With the Timberwolves set to square off against the visiting New York Knickerbockers tonight, I exchanged email questions with Knickerblogger‘s Robert Silverman so we could each learn a little more about one another. My responses to his questions are up on Knickerblogger right here, and his to mine are below.
For as long as I’ve been following them (which dates back to the late ’90s), the Knicks have always seemed to have a “we don’t rebuild, we reload” attitude that has resulted in a lot of hand-waving but not a lot beyond first round playoff exits. Is there some sense that with Phil Jackson the team is actually building something now instead of just paying it lip service, even if the early returns are not great?
So far, without a doubt. For the most part, fans are aware that this is going to be a transitional year, filled with nights where the team looks downright terrible. In a related story, as I’m writing this, the Milwaukee Bucks closed the second quarter on a 22-6 run, and the Knicks couldn’t stop anyone from getting to the rim, were absolutely walloped on the glass and got shredded from downtown by some dude from Jonathan Fire*Eater. Wait, that was Ilyasova? Lawdy. Anyhoo, yes, the pains from growing will be legion, but having faith that there’s an actual plan in place as is infinitely preferable to the world’s saddest free agency carousel, with the likes of Allan Houston, McDyess, Starbury, Steve Francis, Eddy Curry and STAT posited as franchise “saviors,” but instead just clogging the cap, glumly slumped on too-small plastic horses.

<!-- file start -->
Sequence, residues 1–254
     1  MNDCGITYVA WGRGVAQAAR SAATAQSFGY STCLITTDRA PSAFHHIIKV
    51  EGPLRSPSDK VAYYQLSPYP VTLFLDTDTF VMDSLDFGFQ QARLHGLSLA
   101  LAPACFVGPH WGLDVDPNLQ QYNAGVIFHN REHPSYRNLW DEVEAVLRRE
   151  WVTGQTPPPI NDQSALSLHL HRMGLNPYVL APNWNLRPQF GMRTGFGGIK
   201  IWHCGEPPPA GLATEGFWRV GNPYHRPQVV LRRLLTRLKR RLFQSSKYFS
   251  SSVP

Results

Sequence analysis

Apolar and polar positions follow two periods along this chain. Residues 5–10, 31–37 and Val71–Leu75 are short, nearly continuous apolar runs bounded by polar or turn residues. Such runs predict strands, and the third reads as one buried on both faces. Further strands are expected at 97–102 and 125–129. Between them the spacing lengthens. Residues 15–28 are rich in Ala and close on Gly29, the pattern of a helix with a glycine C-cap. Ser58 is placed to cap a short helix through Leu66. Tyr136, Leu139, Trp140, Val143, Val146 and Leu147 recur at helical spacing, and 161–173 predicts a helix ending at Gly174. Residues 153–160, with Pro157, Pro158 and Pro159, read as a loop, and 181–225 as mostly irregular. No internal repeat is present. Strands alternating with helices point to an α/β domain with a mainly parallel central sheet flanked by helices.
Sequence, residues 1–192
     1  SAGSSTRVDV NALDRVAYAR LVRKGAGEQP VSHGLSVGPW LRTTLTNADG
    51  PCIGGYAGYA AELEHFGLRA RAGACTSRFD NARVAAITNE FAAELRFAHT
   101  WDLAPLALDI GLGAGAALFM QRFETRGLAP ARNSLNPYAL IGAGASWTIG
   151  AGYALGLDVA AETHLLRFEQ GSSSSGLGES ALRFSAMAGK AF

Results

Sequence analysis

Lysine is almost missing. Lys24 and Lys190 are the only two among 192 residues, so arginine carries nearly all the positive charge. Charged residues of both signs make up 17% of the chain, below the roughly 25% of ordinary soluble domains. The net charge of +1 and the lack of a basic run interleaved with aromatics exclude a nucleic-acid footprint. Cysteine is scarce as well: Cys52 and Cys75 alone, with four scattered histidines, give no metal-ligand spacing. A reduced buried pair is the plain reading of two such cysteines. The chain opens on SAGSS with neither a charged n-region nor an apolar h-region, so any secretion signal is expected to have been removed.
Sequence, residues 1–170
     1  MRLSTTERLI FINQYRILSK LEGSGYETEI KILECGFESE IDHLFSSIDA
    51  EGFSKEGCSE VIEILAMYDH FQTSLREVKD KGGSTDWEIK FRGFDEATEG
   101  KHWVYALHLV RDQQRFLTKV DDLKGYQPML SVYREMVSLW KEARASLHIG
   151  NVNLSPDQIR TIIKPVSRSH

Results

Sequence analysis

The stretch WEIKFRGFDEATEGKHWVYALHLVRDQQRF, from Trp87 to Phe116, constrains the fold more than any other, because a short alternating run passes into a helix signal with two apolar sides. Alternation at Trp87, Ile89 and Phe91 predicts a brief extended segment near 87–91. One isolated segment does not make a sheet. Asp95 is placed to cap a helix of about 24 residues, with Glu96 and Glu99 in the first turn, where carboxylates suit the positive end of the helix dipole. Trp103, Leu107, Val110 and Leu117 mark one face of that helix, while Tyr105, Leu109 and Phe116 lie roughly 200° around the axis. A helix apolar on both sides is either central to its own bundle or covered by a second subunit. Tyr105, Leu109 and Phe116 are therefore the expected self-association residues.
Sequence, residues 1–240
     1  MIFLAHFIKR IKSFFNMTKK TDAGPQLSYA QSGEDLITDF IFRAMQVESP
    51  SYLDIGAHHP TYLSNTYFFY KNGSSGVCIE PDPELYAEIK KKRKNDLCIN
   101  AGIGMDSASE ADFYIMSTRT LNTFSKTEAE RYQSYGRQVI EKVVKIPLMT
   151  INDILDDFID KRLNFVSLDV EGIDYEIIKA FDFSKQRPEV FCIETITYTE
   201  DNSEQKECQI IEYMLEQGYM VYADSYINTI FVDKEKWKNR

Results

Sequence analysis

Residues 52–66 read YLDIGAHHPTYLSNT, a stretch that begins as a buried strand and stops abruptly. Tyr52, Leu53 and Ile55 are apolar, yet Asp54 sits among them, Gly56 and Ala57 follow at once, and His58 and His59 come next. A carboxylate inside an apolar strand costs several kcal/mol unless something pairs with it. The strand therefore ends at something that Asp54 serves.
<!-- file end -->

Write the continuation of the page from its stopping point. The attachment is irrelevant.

Personally, I’ve found it pretty durned liberating. I used to rage n’ rage against the dying of the light after a terrible Knicks drubbing. Rooting for a team that’s pretty much free of expectations means you can enjoy, say, Iman Shumpert’s emergence in and of itself. They could very easily lose to the Wolves (SEGABABA on the road, dontcha know) and if I really need a balm, why here’s a nice mock draft. Lookit all the bigs!
The Knicks are last in free throw attempts, while the Wolves are fifth. In some ways, the Wolves’ reliance on free throws for offense was a problem last season, but is the complete lack of them its own kind of problem?
Very much so. There’s been a slew of debate ’round these parts (and other parts) over whether the triangle is an offensive system that can still thrive in the modern game. In the first 12 tilts, the Knicks have had a serious uptick in the number of midrange heaves, and aren’t shooting threes nearly as often as they did under Woodson/D’Antoni. Shocker, I know, but that’s not an efficient offense. If they were getting to the line at a Harden-ian rate, you wouldn’t fret as much, but 15 foot jumpers, open or not, just don’t lead to FT’s. Of course, it’s partly about the roster as well–Melo’s freebies have dropped as he’s aged, J.R. Smith can penetrate, but seems far more content with that off-the-bounce, fadeaway heave of his, and… that’s it.
Now that [Carmelo]’s back, I think there is a third way—to appreciate him as a player in and of himself. Knicker-backers like me can like watching Iman Shumpert try to regain his mojo. They can root for Cole Aldrich and his goofy Greg Ostertag 2.0 game to make it’s way into the rotation. I can revel in Phil Jackson and Clyde Frazier swimming in the deep end of nostalgia for of the great Knicks teams of the 70s, and an Antetokoumpo of our own, and even J.R. Smith’s red clown’s nose and so on and so on.
Cheer for the now, for a Knicks that are the Knicks without or outside of New York and all the dumb choices and hatefully binary options of total success or abject failure that it inevitably forces its inhabitants to make as a kind of twisted survival mechanism.
And gain pleasure in Melo, and all the beauty and brutish and brutal poetry of his game, operating out of the pinch post, facing down a defender, with (hopefully) triangle-patterned cutters whirling around him, making the net dance.